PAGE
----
Advertisement

Qualifying Software Tools, a Systems Approach

  • Fredrik Asplund
  • Jad El-khoury
  • Martin Törngren
Part of the Lecture Notes in Computer Science book series (LNCS, volume 7612)

Abstract

Modern safety standards designed to ensure safety in embedded system products often take a descriptive approach, focusing on describing appropriate requirements on management, processes, methods and environments during development. While the qualification of software tools has been included in several such standards, how to handle the safety implications of tools integrated into tool chains has been largely ignored. This problem is aggravated by an increase both in automation of tool integration and the size of development environments.

In this paper we define nine safety goals for tool chains and suggest a qualification method that takes a systems approach on certifying software tools as parts of tool chains. With this method, software tools are developed and pre-qualified under the assumption that certain properties will be supported by the development environment they are to be deployed in. The proposed method is intended to (1) achieve a stronger focus on the relevant parts of tool chains in regard to safety and (2) separate the extra effort these parts imply from the effort already stipulated by safety standards.

Keywords

Certification Safety Tool Integration 

Preview

Unable to display preview. Download preview PDF.

Unable to display preview. Download preview PDF.

References

  1. 1.
    Conrad, et al.: Qualifying software tools according to ISO 26262. In: Dagstuhl-Workshop MBEES: Modellbasierte Entwicklung Eingebetteter Systeme VI, pp. 117–128 (2010)Google Scholar
  2. 2.
    Checkland, P.: Systems Thinking, Systems Practice. John Wiley & Sons Ltd. (1985)Google Scholar
  3. 3.
    BS/IEC 61508:2010, Functional Safety of Electrical/Electronic/Programmable Electronic Safety-Related Systems, International Electrotechnical Commission Std.Google Scholar
  4. 4.
    BS/IEC 61511:2003, Functional safety - Safety instrumented systems for the process industry sector, International Electrotechnical Commission Std.Google Scholar
  5. 5.
    ISO 26262:2011, Road vehicles - Functional safety, International Organization for Standardization Std. (2011)Google Scholar
  6. 6.
    BS/EN 50128:2001, Railway applications - Communications, signalling and processing systems - Software for railway control and protection systems, CENELEC, European Committee for Electrotechnical Standardization Std. (2001)Google Scholar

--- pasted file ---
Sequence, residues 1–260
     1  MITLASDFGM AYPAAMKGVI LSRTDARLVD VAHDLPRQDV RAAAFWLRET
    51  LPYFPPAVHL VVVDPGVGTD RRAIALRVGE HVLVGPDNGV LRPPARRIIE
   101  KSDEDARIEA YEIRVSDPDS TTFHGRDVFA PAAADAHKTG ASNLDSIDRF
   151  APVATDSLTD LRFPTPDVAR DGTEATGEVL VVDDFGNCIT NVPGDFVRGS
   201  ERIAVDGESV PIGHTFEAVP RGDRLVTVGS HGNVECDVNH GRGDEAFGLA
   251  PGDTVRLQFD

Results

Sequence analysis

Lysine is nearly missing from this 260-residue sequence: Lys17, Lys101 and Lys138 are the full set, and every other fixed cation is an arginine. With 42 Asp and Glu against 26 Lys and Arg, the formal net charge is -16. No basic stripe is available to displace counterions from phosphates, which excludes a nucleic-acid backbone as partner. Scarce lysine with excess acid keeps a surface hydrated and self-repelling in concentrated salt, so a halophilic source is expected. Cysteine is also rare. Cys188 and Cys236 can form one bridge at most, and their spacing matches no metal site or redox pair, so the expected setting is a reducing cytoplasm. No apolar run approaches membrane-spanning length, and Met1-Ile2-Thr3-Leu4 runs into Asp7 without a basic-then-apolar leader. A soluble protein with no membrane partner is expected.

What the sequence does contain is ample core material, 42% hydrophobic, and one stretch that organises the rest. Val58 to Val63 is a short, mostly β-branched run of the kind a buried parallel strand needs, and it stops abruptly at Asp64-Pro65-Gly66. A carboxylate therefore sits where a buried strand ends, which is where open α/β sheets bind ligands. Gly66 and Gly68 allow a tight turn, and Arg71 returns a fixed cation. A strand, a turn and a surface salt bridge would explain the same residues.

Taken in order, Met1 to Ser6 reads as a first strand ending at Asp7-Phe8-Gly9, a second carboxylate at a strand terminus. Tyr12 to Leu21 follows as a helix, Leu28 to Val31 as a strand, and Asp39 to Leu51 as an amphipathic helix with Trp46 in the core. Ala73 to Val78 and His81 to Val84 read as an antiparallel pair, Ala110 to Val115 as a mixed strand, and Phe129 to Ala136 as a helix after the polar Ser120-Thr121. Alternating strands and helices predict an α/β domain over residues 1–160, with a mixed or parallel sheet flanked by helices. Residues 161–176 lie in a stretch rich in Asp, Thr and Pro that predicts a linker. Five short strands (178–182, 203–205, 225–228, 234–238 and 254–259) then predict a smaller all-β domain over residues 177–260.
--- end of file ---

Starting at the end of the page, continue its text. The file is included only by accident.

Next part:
7. 7.
    DO-178C, Software Considerations in Airborne Systems and Equipment Certification, Special Committee 205 of RTCA, Inc. Std. (2011)Google Scholar
  8. 8.
    Kornecki, et al.: Certification of software for real-time safety-critical systems: state of the art. Innovations in Systems and Software Engineering 5, 149–161 (2009)CrossRefGoogle Scholar
  9. 9.
    Gönczy, et al.: Tool support for engineering certifiable software. Electronic Notes in Theoretical Computer Science 238, 79–85 (2009)CrossRefGoogle Scholar
  10. 10.
    Certification Specifications for Very Light Rotorcraft, CS-VLR, European Aviation Safety Agency Std. (2008)Google Scholar
  11. 11.
    Hamann, et al.: ISO 26262 release just ahead - remaining problems and proposals for solutions. In: SAE 2011 World Congress & Exhibition (April 2011)Google Scholar
  12. 12.
    Leveson, N.: Engineering a Safer World, Systems Thinking Applied to Safety (Draft). MIT Press (2011)Google Scholar
  13. 13.
    Ahl, et al.: Hierarchy Theory, A Vision, Vocabulary, and Epistemology. Columbia University Press (1996)Google Scholar
  14. 14.
    Asplund, et al.: Tool integration, from tool to tool chain with ISO 26262. In: SAE 2012 World Congress & Exhibition (2012)Google Scholar
  15. 15.
    Asplund, F.: Safety and tool integration, a system-theoretic process analysis. KTH Royal Institute of Technlogy, Tech. Rep. (2012)Google Scholar
  16. 16.
    Asplund, F., Biehl, M., El-Khoury, J., Törngren, M.: Tool Integration beyond Wasserman. In: Salinesi, C., Pastor, O. (eds.) CAiSE Workshops 2011. LNBIP, vol. 83, pp. 270–281. Springer, Heidelberg (2011)CrossRefGoogle Scholar
  17. 17.
    Black, J.A.: System safety as an emergent property in composite systems. Ph.D. dissertation, Carnegie Mellon University, Carnegie Institute of Technology (2009)Google Scholar

Copyright information

© Springer-Verlag Berlin Heidelberg 2012

Authors and Affiliations

  • Fredrik Asplund
    • 1
  • Jad El-khoury
    • 1
  • Martin Törngren
    • 1
  1. 1.Department of Machine Design, Division of MechatronicsKTH Royal Institute of TechnologyStockholmSweden

Personalised recommendations